It’s not just personal debt that has climbed to record levels. The companies offering to help you with massive debt are also proliferating.
Call them debt-settlement agencies, debt-solution providers or whatever you want. Their names are plastered on bus shelters and newspapers, and call out over the airwaves and the Internet. Unregulated, it’s almost impossible to get a true sense of how big the industry has become but, based on the amount of advertising dollars being spent, it’s growing.
“This was a nonexistent category and companies have sprung up. Companies and services spring up because there is a consumer need and you have to tell consumers you are offering the service,” says Sunni Boot, chief executive of Zenithoptimedia, adding the top advertiser in the category is estimated to have had a 10-fold increase in spending over the past year.The debt-to-income ratio has reached a record high of 148% in the third quarter in Canada, Statistics Canada says, putting Canada ahead of the US. Consumers are looking for answers to get out of their credit mess.
Click here for the full Financial Post story.
Everyone says we should be saving more money. But what’s the point?
You don’t need a calculator to figure out that, with inflation in Ontario at 3.4% and banks at best offering 2% interest, your nest egg could actually be shrinking.
So what’s a saver to do? Is there a way to rebalance the scale so you can build wealth rather watch it bleed away?
It’s doable, experts say. But it takes a strategy, discipline and a determination to make your money work for you.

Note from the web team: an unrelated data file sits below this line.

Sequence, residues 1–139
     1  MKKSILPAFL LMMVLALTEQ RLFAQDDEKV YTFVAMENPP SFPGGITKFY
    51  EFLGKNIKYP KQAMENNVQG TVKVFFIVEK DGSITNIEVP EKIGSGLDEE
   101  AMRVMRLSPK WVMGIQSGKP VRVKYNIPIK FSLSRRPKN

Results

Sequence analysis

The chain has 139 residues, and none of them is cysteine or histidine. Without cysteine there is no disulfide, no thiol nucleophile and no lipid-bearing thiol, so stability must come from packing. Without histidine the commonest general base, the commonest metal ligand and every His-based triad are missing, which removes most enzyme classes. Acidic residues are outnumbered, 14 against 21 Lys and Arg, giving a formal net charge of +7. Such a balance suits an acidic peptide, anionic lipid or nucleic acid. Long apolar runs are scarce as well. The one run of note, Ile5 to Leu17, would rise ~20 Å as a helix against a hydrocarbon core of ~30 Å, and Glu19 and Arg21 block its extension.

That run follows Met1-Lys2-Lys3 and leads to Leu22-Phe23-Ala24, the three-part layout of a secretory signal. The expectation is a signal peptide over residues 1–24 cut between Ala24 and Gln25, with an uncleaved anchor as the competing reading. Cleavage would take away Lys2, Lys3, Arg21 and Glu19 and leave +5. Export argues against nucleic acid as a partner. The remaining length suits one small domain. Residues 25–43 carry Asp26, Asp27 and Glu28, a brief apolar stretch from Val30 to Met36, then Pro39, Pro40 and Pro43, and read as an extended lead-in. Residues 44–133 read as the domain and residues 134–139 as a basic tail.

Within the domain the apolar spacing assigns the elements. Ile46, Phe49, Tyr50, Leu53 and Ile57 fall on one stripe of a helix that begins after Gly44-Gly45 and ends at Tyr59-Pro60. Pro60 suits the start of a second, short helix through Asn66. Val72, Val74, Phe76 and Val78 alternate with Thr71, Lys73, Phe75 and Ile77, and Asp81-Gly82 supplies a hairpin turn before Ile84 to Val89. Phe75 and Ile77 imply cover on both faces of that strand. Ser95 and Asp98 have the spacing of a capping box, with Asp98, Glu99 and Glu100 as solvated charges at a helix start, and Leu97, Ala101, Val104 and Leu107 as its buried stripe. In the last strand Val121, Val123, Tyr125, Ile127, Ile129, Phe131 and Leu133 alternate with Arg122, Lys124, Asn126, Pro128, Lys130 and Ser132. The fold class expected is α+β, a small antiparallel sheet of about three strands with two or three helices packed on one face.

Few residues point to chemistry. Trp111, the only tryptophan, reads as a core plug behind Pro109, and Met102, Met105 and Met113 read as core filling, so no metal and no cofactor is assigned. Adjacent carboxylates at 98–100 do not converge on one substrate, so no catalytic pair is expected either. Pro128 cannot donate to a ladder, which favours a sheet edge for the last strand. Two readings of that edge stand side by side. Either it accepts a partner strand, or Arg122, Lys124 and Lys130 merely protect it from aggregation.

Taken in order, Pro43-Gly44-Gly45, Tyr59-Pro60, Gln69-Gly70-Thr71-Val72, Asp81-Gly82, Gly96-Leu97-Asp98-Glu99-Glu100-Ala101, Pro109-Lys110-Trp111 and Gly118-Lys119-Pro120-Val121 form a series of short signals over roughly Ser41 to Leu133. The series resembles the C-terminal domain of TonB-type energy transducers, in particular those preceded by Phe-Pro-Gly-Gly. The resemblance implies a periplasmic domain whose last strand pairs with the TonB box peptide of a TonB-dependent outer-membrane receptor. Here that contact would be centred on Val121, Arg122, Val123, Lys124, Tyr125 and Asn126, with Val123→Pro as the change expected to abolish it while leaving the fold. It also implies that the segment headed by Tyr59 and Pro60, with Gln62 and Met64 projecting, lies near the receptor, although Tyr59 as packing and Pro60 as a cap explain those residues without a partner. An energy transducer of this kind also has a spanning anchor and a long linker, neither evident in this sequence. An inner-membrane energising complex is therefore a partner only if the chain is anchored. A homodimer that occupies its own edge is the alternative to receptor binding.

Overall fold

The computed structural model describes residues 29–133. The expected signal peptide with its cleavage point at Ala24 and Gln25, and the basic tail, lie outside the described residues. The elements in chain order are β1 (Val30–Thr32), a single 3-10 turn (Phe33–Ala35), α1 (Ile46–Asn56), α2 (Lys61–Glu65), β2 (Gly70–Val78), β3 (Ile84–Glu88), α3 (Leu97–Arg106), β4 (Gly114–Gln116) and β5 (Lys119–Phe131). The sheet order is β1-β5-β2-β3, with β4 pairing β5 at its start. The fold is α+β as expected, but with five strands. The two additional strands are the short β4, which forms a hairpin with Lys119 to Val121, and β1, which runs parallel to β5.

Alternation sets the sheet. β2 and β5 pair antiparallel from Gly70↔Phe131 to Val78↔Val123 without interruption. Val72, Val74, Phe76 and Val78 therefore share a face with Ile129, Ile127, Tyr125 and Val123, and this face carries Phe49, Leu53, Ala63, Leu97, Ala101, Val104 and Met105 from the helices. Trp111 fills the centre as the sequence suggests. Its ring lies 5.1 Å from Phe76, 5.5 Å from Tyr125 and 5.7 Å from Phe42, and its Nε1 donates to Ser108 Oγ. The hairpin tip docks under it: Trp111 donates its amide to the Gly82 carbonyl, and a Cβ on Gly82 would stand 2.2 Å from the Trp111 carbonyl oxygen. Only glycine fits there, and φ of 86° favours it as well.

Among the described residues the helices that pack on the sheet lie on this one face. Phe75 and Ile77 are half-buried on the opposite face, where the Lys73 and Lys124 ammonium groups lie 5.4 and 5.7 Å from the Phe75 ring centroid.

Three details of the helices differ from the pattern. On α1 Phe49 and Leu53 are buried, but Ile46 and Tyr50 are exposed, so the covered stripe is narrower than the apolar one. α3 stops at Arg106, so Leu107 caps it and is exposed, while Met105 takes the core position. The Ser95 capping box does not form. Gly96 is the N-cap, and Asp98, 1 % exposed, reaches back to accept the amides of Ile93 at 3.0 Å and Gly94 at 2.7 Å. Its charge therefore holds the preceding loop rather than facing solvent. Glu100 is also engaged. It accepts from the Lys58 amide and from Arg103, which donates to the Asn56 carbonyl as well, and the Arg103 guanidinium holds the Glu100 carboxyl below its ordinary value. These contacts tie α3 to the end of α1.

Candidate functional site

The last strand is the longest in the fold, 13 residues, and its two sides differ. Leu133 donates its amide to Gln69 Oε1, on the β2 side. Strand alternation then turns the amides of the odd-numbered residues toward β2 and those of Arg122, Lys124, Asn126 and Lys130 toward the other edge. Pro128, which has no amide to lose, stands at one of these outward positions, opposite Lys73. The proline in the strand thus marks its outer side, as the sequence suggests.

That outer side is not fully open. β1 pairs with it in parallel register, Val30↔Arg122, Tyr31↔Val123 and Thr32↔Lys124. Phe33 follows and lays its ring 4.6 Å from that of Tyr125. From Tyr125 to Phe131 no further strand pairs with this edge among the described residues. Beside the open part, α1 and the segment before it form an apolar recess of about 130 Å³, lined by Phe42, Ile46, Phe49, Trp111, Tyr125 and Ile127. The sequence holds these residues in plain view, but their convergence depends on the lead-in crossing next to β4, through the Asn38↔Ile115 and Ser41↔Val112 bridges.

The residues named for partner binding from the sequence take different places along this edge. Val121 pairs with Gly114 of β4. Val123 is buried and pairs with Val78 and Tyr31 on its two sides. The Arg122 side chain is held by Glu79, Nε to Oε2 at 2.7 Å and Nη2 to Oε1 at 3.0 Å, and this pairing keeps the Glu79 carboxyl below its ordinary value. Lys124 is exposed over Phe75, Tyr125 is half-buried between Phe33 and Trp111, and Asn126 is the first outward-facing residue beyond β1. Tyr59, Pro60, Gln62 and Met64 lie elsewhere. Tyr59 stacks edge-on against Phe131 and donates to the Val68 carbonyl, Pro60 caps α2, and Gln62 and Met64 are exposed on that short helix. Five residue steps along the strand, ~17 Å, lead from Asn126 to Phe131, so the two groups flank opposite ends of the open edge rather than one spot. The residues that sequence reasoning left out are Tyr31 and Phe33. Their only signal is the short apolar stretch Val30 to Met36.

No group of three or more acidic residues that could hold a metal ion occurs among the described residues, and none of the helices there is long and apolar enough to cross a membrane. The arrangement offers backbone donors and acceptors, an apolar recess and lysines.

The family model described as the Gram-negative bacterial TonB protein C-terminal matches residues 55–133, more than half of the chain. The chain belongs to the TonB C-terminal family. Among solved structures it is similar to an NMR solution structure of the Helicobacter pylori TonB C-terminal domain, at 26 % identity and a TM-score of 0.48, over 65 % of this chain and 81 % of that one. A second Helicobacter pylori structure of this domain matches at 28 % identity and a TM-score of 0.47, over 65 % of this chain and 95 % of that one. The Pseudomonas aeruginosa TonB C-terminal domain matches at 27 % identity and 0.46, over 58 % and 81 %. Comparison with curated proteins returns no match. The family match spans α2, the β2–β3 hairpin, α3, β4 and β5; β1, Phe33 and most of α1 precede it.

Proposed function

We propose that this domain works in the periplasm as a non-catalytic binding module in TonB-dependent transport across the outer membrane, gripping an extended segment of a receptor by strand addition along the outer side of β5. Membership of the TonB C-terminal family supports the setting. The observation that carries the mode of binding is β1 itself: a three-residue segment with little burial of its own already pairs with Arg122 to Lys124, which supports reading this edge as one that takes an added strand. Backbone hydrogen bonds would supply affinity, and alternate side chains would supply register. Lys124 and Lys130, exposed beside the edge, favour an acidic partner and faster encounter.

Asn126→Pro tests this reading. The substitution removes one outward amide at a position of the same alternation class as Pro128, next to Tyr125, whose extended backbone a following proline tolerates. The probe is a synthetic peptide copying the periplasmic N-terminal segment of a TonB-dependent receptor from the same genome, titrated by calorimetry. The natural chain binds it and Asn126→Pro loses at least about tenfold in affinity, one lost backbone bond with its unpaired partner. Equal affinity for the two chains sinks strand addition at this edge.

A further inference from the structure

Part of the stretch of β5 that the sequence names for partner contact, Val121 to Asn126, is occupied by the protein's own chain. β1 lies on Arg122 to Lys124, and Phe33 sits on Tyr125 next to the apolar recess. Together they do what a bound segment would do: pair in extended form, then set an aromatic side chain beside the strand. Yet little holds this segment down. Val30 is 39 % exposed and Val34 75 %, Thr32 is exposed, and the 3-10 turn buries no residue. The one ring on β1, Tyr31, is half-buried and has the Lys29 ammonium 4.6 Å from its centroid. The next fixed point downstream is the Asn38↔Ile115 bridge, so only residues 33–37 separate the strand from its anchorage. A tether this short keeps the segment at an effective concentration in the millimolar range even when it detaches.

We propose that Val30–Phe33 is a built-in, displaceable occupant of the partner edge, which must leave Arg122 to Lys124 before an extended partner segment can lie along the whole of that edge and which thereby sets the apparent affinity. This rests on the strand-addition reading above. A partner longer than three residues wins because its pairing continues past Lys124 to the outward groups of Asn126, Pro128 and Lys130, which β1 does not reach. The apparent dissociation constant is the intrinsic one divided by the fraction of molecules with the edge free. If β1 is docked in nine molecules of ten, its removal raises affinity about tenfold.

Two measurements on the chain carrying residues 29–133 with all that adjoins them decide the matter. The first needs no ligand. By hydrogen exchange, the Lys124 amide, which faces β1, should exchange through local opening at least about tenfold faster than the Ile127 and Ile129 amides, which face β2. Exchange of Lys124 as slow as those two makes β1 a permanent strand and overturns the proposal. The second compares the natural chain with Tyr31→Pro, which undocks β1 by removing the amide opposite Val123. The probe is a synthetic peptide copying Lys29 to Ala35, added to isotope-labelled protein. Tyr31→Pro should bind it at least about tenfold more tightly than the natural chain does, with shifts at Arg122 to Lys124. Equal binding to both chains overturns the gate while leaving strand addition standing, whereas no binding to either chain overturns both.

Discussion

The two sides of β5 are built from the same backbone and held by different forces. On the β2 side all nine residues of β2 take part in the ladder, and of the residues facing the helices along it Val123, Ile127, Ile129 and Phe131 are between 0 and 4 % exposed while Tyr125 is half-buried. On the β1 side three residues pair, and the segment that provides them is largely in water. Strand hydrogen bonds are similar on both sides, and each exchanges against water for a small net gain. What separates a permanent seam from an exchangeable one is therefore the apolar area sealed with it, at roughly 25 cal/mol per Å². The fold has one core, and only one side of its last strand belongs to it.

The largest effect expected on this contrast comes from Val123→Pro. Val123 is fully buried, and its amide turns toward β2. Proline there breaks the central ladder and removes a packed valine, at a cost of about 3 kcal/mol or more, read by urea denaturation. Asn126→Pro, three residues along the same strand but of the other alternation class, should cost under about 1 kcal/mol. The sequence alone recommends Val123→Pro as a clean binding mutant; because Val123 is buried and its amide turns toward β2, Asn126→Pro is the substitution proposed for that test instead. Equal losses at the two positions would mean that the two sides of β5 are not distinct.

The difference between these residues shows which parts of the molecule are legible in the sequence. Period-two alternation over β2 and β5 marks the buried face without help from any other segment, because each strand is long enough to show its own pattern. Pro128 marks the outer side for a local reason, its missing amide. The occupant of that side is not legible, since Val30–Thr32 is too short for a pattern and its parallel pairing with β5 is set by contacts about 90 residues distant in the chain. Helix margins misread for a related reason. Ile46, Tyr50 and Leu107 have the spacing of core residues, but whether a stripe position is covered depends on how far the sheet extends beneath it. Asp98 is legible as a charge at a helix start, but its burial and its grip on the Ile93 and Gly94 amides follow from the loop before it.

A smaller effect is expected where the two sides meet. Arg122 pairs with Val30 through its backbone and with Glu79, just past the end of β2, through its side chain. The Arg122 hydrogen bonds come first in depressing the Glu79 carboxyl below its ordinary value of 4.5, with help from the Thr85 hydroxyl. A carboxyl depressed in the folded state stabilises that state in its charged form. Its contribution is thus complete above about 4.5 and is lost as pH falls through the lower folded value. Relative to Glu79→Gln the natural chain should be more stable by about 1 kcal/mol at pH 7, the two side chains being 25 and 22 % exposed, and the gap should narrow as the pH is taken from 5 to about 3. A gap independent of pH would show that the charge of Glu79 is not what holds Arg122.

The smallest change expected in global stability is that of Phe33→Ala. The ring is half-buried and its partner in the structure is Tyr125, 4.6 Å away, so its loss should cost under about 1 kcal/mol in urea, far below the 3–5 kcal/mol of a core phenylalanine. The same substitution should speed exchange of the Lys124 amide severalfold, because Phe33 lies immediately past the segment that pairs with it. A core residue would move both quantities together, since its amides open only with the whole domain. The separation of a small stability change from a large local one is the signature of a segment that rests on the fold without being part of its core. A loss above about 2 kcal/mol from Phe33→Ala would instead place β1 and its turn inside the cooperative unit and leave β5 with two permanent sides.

Click here for the full article in The Star.
Making changes in a New Year is an old topic that is reborn every January. While some tips still hold water, there are many inspiring and positive strategies toward seeing your finances in a new way.
These habits are not only possible to implement at any income bracket, but they also make sense. (For more, see Financial New Year’s Resolutions You Can Keep.)
Click here to read the Globe and Mail article.
Some things really do come for free, including your credit report.
I swear, I’m not making this up. I’ve done it myself and all it cost me was a stamp.
I have written twice recently about the importance of regularly checking your credit report for signs of fraud. Credit reports are available free of charge from two major Canadian credit bureaus, TransUnion and Equifax.
Each time I’ve put “free” and “credit report” in the same sentence, I’ve been flooded with calls and e-mails from frustrated readers who’ve been unable to navigate past the ads for the paid reports that the credit bureau websites offer. These more detailed reports will show you your credit score, but they are not free. (TransUnion charges $9.99.) Likewise, if you want to see your report instantly, you can order it online, but even without the score, there’s a price for the convenience. (At Equifax, it’s $15.50, or $23.95 with your score included.)
Click here for more from the Globe and Mail.